Friday, February 22, 2008

The other side of the equation

I purposely left out the Eastern Conference in yesterday's analysis, waiting - and hoping - that they would perform a juke that would provide some sort of balance to a trading scene that has otherwise been dominated by the left region of the U.S. But Cleveland, Chicago, and Seattle engaged in a three-way trade right before the deadline to close things out. So again without further ado, let's get out the synthesizer for the Eastern Conference:

Well this is almost by default, but the unqualified winner is the Cleveland Cavaliers. They may not have acquired the biggest name - the Atlanta Hawks did - but they received the most helpful appliances without giving up a lot of production. In summary, they obtained Ben Wallace (who is declining, but has championship experience), Joe Smith (who is playing somewhat rejuvenated, averaging 17 points, 7 rebounds per while shooting 50% from the field this month), Delonte West and Wally Szczerbiak. Oh yeah, not to mention a 2nd round pick to boot.

All they had to give up was a dilapidated Larry Hughes, Drew Gooden, Donyell Marshall, Ira Newble, and Cedric Simmons. More dependable scorers and more rebounding comes in, bad contracts and injured players go out. Not bad. Not bad at all.

The overrated "winner" trade:
Miami Heat and their acquisition of Shawn Marion. As stated in the last blog, this trade baffled me at first in a major way, from Phoenix end. So one would assume that I felt that Miami got the better end of the trade. Not true. True, the Heat snatched from the Suns (ironic that the two teams involved in this trade are the Suns and Heat, the two elements seen and felt by the planets in their revolving in the solar system. Clearly the NBA doesn't revolve around these two teams. They have a combined one championship in their existence in the NBA) a player of athletic marvel, who will drop 17-19 points a night with 10-15 rebounds to go with it, who is still in his twenties.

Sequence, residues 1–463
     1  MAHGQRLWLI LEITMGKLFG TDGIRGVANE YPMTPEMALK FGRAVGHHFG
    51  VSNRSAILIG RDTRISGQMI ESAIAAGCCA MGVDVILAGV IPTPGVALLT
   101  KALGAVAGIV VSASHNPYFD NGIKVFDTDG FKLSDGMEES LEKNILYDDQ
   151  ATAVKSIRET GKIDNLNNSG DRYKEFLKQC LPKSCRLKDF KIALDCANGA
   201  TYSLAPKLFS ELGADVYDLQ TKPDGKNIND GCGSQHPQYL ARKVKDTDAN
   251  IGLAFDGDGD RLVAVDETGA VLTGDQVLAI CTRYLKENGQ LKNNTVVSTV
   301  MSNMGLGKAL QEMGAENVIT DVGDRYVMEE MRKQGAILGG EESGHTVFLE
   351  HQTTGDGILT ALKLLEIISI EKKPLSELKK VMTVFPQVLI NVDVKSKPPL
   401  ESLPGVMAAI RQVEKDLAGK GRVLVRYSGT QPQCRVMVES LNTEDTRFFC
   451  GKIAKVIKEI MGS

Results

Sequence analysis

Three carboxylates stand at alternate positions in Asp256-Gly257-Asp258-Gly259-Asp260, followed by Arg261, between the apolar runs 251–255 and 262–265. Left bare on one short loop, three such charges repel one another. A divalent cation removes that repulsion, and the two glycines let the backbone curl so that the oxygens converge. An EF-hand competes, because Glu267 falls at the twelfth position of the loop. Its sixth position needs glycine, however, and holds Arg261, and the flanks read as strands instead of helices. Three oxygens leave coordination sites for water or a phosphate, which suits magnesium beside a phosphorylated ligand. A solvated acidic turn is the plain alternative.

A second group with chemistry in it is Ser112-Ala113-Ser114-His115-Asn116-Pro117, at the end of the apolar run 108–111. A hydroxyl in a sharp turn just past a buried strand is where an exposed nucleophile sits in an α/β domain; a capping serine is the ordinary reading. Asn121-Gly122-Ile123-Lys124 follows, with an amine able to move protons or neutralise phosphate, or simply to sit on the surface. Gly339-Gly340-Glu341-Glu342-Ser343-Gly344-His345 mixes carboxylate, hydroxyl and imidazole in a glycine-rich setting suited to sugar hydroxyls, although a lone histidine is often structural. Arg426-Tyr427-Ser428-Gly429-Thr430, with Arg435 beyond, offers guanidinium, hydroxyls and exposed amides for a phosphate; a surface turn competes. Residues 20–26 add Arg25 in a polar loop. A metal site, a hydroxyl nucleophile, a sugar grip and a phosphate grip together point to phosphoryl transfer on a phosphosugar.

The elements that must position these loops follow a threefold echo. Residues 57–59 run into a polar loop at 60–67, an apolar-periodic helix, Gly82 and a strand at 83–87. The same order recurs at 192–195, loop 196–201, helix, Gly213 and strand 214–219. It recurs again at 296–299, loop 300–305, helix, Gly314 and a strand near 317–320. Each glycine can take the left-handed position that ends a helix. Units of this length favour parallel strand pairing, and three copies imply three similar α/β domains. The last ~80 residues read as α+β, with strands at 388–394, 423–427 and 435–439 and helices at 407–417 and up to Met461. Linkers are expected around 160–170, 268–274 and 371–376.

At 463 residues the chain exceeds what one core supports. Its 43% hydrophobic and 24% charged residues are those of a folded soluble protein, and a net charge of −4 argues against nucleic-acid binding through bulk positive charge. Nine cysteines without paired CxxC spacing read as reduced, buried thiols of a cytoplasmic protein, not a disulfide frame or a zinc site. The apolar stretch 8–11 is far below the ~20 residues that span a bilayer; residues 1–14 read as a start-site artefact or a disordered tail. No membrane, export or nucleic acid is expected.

But that's where it stops. Marion has a knack for disappearing in big games. His contempt for his role on the team was palpable, to the point that he would take every chance he got - it seems - to point out his worth. He was the highest paid player on the team, yet, he didn't see that as a placation for his insecurity. And all this while he was playing on a team with Steve Nash and Amare Stoudamire and on a team that utilized his greatest gifts - running and jumping.

It's likely that the Heat will see a different Marion, in the behavioral sense, as it is likely that those numbers will continue to sustain without Nash. But will it translate to a different win-loss record for the Heat? Yours truly is not convinced.

There wasn't any losers, not in the direct sense anyway. Most sat idly and watched while the top 8 teams in the West made moves. Does that make them losers? Well Boston is good...I digress. Chicago traded big-time talent within their division, always a no-no. For years, they could have used pieces to receive a big-name talent (Kobe and Pau, ironically the most notable names). But they dropped that beach ball. Thereby, this writer is declaring Chi-Town as the luckless guns this go around.

The Wait-and-See trade:
The Hawks procured the biggest name in the Eastern Conference, a name that was on the trading block for a couple of years. In Mike Bibby, the Birds now have a point who can run, shoot, pass, and step up when needed, something that they didn't have prior to last Saturday. But I am left feeling a bit incomplete, wholly because an already permissive middle has become more doughy. The Hawks need a viable big man to complete this deal and create the synergy needed to make the Billy Knight project work.

And on top of that, Bibby for all his skills, has a few glaring weaknesses of his own.
1) Not an Alpha dog, something the top teams have and need
2) Not a defensive stalwart himself
3) Injury prone over last few years
4) More of a shoot-first guard

Perhaps that is me nit-picking, but hey, somebody got to do it. Quality management is what it is called, and Six-Sigma standards are bred from nit-picking. The Hawks aren't there yet people. Sorry to burst it. But time will tell if you should take my word for it. That's why this is in the waiting room for the time being...


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